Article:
Mayo Clinic Proceedings 12/2000; 75(11):1153-9. · 5.81 Impact Factor
[Show abstract][Hide abstract] ABSTRACT: To determine the efficacy of stanol esters in lowering cholesterol in a US population.
After a run-in phase, 318 subjects were randomized to receive one of the following margarine-like spreads containing stanol ester or placebo for 8 weeks: EU 3 G: 1 g of stanol (ester form) per 8-g serving of a European formula 3 times a day; US 3 G: 1 g of stanol (ester form) per 8-g serving of a US reformulation 3 times a day; US 2 G: 0.67 g of stanol (ester form) per 8-g serving of a US reformulation 3 times a day; or placebo spread.
Mean +/- SD baseline total cholesterol (TC) and low-density lipoprotein cholesterol (LDL-C) levels were 233+/-20 and 153+21 mg+/-dL, respectively. In the US 3 G group, 3 g daily of stanol esters lowered TC and LDL-C levels by 6.4% and 10.1%, respectively. There was a dose-dependent response compared with 2 g daily (US 2 G). Triglyceride and high-density lipoprotein cholesterol levels were unchanged. The incidence of adverse effects was not different from placebo. Serum vitamin A and 25-hydroxyvitamin D levels were not affected.
Stanol esters lowered TC and LDL-C levels in a mildly hypercholesterolemic US population without evidence of adverse effects. It may be a useful dietary adjunct to lower cholesterol.
Mayo Clinic Proceedings 01/2000; 74(12):1198-206. · 5.81 Impact Factor
[Show abstract][Hide abstract] ABSTRACT: Clomiphene has been available for clinical use since 1960 and has been successfully used to aid fertility in women with certain anovulatory disorders. It is a synthetic estrogen analog, of the triphenylethylene derivative group, and its biochemical structure is similar to that of tamoxifen. Estrogen and tamoxifen lower total and low-density lipoprotein cholesterol and increase triglyceride and high-density lipoprotein cholesterol levels. In patients with baseline hypertriglyceridemia, these agents can induce severe hypertriglyceridemia and pancreatitis. The actions of clomiphene on lipid metabolism have not been studied, and to our knowledge, no cases of severe hypertriglyceridemia related to the use of clomiphene have been described. We report the case of a woman who developed 2 episodes of clomiphene-induced hypertriglyceridemia and pancreatitis while receiving this drug for treatment of infertility. Given the striking structural similarity between clomiphene and tamoxifen, it is likely that clomiphene is capable of inducing severe hypertriglyceridemia in patients with certain underlying lipid disorders by a mechanism similar to that of tamoxifen.
Mayo Clinic Proceedings 12/1999; 74(11):1125-8. · 5.81 Impact Factor
[Show abstract][Hide abstract] ABSTRACT: The increased risk of coronary artery disease in subjects with diabetes mellitus can be partially explained by the lipoprotein abnormalities associated with diabetes mellitus. Hypertriglyceridemia and low levels of high-density lipoprotein are the most common lipid abnormalities. In type 1 diabetes mellitus, these abnormalities can usually be reversed with glycemic control. In contrast, in type 2 diabetes mellitus, although lipid values improve, abnormalities commonly persist even after optimal glycemic control has been achieved. Screening for dyslipidemia is recommended in subjects with diabetes mellitus. A goal of low-density lipoprotein cholesterol of less than 130 mg/dL and triglycerides lower than 200 mg/dL should be sought. Several secondary prevention trials, which included subjects with diabetes, have demonstrated the effectiveness of lowering low-density lipoprotein cholesterol in preventing death from coronary artery disease. The benefit of lowering triglycerides is less clear. Initial approaches to lowering the levels of lipids in subjects with diabetes mellitus should include glycemic control, diet, weight loss, and exercise. When goals are not met, the most common drugs used are hydroxymethylglutaryl coenzyme A reductase inhibitors or fibrates.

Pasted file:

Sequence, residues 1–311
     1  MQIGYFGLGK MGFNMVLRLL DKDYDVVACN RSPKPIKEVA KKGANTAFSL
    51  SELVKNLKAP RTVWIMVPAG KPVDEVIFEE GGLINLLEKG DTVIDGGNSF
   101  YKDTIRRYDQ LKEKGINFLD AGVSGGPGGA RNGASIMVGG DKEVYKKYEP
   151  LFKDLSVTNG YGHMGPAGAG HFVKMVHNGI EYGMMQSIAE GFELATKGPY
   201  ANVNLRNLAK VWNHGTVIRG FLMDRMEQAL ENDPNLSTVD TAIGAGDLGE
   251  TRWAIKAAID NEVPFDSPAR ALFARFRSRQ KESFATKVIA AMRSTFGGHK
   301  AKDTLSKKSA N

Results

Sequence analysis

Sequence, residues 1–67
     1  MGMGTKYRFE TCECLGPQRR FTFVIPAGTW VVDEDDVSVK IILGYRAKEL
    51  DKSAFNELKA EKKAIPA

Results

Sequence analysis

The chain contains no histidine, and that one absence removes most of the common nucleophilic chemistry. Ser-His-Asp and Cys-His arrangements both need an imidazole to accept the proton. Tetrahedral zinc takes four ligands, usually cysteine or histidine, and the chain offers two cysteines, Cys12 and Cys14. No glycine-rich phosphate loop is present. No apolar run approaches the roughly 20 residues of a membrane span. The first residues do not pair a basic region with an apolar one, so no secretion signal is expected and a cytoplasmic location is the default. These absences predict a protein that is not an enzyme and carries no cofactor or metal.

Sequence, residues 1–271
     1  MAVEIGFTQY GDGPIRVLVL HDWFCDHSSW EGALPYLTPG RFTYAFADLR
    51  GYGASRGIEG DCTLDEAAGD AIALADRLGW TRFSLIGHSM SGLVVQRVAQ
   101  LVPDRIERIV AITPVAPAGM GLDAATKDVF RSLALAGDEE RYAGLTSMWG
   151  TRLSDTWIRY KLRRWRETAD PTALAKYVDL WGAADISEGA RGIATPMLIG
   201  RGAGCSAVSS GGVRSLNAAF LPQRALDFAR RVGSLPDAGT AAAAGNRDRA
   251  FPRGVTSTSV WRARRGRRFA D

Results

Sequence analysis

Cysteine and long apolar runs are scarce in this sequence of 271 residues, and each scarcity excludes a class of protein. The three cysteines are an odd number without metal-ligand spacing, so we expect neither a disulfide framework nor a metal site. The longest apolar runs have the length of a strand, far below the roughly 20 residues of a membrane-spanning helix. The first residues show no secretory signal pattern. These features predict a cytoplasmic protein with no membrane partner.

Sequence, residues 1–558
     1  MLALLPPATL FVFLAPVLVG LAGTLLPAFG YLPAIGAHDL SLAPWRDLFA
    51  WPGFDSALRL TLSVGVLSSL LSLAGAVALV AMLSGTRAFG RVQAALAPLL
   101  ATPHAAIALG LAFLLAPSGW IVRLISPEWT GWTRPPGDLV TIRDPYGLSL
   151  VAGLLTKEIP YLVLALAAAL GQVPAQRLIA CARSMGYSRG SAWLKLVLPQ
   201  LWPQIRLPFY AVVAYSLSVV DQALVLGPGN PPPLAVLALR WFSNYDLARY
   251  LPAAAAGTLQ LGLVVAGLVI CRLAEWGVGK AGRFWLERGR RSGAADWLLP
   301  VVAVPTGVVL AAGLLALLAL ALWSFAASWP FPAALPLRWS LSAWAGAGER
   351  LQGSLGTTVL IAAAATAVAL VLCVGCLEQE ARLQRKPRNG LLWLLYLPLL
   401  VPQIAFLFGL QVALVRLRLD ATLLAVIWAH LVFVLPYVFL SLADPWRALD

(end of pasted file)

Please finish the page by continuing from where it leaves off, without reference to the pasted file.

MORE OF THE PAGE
Mayo Clinic Proceedings 11/1998; 73(10):969-76. · 5.81 Impact Factor
[Show abstract][Hide abstract] ABSTRACT: Elevated lipoprotein(a) [Lp(a)] levels have been associated with the presence of atherosclerotic disease. However, the results of prospective studies of Lp(a) and cardiovascular disease have been contradictory.
From 1968 through 1982, lipoprotein analysis was performed in 11,335 Olmsted County residents. Quantitative cholesterol and triglycerides were obtained along with semiquantitative Lp(a) levels based on electrophoretic pattern. Lp(a) bands were scored from 0 (absent) to 3 (increased). A cohort of 4967 men and 4968 women with no prior history of atherosclerotic disease who had baseline Lp(a) determinations were followed up for 14 years for development of coronary artery disease (CAD) and cerebrovascular disease (CVD). During 131,330 person-years of follow-up, there were 1848 CAD events and 841 CVD events. Age, diabetes, hypertension, cholesterol, and triglycerides were significantly and independently associated with an increased risk of CAD and CVD in men and women. There was a significant increase in the adjusted hazards ratio for CAD with increasing Lp(a) levels for men and women. For Lp(a) level 3, the hazard ratio was 1.9 (range, 1.3 to 2.9) in women and 1.6 (range, 1.0 to 2.5) in men. The adjusted hazard ratio for CVD showed an irregular association with Lp(a) levels in men and no association in women.
In this cohort of 9936 men and women initially free of cardiovascular disease who were followed up for 14 years, Lp(a) was a significant predictor of risk of future CAD. Lp(a) was a weak risk factor for CVD in men and was not a significant predictor of CVD risk in women.
[Show abstract][Hide abstract] ABSTRACT: Although lipid abnormalities are well described in hypothyroidism, effects on apolipoproteins are less well understood. The aim of this study was to examine the effects of thyroid dysfunction on plasma lipids and apolipoproteins.
A prospective study of lipids and apolipoproteins before and after treatment of hypothyroidism and hyperthyroidism.